FIG. 1 shows an exploded view of one end of a standard fluorescent lamp 10 including a tubular glass envelope 12 having a stem 14 closing the end of the glass tube 12. A pair of lead-in wires 16, 18 are sealed within the glass stem 14 and provide electrical connection through the stem to the lamp electrode 20. The lead-in wire 16 passes through nonconductive support 38 and is connected to one end of heater element 22 in channel 21 as shown in FIG. 2. The other end of heater element 22 is connected to terminal wire 24 which is connected to terminal pin 26 of the bipin base. Lead 18 passes through support 38 and is bent to form a terminal 28 in channel 29 which is connected, e.g. by welding, to one end 31 of switch element 30. In the closed position, switch element 30 contacts at its other end 32 a portion 33 of terminal wire 34 which is connected to terminal pin 36. As shown in FIG. 3, support member 38 provides a mounting mechanism to secure the heater element 22 and the heat-responsive switch element 30 in predetermined proximity to each other by selecting the spacing between the slot 40 for holding the heater element 22 and the shoulders 42, 44 of channel 46 for holding the switch element 30. The spacing between the bottom of the slot 40 and shoulders 42, 44 defines the distance separating the heater element 22 from the switch element 30. The spacing between the interior surface of the slot 40 and the channel 46 is selected based on the heating characteristics of the heater element and the heat-responsive characteristics of the switch element, so that the heat form the heater element 22 is efficiently transferred to the switch element 30 to operate the switch. The bimetal switch element may comprise either a flat strip as shown or a generally U-shaped member configured to make contact with the lead-in wire connected to the lamp electrode. The arrangement of the present invention facilitates final lamp assembly, because the switch mechanism can be completely assembled separate from the lamp and then be connected at final assembly to the lamp stem prior to installation of the end caps. Further, because the switch is located outside the lamp envelope, selection of switch materials may be made without considering how the switch material would be affected by contact with the internal operating environment of the lamp.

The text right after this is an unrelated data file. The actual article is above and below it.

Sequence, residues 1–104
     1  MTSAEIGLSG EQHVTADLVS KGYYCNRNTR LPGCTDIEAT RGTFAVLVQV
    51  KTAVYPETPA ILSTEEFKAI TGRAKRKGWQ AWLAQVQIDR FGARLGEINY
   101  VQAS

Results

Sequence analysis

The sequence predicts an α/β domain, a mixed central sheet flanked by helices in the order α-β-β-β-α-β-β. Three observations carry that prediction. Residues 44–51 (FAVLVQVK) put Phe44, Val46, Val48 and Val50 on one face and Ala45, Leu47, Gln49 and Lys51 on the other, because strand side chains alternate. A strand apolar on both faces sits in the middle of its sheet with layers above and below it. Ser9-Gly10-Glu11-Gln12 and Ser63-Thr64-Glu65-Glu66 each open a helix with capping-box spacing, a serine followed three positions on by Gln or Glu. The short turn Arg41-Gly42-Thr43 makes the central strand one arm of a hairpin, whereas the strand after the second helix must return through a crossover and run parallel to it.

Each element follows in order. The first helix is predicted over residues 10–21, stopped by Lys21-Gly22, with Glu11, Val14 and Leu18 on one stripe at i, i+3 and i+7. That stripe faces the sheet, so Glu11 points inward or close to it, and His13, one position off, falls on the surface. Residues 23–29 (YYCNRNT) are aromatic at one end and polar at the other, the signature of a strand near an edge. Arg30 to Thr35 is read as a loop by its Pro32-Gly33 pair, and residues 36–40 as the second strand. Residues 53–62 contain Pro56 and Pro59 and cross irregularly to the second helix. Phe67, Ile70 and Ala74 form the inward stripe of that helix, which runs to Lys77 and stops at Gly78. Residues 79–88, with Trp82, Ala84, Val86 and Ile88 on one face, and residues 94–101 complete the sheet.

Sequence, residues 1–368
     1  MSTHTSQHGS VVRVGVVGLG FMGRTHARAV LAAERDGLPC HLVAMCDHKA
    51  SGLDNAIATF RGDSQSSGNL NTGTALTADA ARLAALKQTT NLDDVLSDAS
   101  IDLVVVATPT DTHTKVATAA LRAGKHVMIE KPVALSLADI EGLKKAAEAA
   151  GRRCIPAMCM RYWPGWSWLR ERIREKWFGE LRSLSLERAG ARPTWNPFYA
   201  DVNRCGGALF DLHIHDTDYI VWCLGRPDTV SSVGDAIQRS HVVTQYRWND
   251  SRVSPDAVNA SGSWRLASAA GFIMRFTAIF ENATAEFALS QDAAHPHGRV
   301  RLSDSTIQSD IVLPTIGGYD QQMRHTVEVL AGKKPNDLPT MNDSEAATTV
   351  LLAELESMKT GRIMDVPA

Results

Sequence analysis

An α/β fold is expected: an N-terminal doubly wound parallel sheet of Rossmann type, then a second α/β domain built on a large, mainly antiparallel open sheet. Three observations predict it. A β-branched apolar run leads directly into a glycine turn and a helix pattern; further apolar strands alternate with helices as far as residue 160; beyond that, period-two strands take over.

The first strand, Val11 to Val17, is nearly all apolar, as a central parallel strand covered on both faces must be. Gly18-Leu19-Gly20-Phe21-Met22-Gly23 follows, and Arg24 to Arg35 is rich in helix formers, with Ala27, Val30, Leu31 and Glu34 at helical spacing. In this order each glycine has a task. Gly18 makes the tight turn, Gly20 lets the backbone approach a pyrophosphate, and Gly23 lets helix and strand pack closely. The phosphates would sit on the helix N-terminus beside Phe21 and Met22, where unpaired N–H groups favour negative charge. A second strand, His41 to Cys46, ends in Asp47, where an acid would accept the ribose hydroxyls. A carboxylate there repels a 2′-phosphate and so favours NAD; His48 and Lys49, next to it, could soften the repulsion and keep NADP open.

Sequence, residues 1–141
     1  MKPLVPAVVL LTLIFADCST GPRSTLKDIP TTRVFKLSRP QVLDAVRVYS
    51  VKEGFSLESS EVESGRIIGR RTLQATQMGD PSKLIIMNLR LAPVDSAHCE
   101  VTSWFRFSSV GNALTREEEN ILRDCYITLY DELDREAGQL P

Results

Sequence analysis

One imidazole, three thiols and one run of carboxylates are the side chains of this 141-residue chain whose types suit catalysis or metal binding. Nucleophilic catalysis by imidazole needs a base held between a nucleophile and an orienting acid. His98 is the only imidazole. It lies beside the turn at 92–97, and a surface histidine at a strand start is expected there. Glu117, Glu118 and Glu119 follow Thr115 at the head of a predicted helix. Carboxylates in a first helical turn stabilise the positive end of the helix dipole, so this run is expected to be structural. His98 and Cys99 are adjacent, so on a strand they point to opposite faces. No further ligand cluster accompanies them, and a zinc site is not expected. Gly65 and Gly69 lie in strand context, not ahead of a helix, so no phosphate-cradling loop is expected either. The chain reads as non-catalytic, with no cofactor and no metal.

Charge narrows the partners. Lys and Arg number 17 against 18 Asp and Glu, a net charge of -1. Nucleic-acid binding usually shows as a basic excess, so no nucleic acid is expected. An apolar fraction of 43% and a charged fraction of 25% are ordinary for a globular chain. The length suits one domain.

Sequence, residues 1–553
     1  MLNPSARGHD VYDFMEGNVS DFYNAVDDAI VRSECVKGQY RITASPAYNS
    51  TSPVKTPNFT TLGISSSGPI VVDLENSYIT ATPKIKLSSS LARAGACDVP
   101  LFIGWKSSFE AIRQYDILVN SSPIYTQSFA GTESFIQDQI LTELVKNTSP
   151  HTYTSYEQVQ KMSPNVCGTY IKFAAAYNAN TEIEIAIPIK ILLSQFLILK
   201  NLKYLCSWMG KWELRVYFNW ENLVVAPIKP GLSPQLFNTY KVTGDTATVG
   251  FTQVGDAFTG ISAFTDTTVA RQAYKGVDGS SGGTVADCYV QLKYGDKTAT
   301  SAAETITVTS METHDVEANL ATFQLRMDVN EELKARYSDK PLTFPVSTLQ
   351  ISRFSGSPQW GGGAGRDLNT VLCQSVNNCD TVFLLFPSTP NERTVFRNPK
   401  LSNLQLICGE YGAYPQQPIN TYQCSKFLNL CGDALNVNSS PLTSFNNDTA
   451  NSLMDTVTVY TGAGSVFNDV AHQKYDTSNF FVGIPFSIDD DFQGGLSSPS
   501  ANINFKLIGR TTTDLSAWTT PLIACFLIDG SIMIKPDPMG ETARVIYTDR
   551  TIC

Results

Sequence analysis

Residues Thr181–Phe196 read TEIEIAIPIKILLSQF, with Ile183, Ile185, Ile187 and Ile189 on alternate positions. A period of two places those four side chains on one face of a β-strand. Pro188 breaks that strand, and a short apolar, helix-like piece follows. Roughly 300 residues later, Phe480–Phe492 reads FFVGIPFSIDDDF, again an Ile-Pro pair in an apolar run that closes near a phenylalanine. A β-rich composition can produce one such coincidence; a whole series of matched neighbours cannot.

The switch of the present invention operates as follows: When electrical power is applied to the pins 26, 36 of the lamp base, heating current is applied to the lamp electrode 20 via terminal wire 24, heater element 22, lead-in wire 16 and lead-in wire 18, switch element 30 and terminal wire 34. The electrode 20 is heated to electron-emitting temperature, and then an arc is established between the electrodes at the opposite ends of the fluorescent lamp. Current flowing through heater wire 22 will produce enough heat to cause switch element 30 to deflect to the open position after the lamp starts stopping the flow of electrode heating current. In the normal lamp operating condition the lamp current flows continuously through the heater wire 22 to maintain the switch element 30 in the open position. When the lamp is turned off, heat from the wire 22 quickly dissipates and the switch element 30 quickly cools to reclose so that electrode heating current may again be applied to the electrode 20 for restarting the lamp. By locating the switch outside the lamp, the heater element 22 and switch element 30 cool quickly to allow rapid restart. The heater element and switch element can be chosen to provide both a proper amount of heat to the lamp electrode for starting and a quick response at turn off.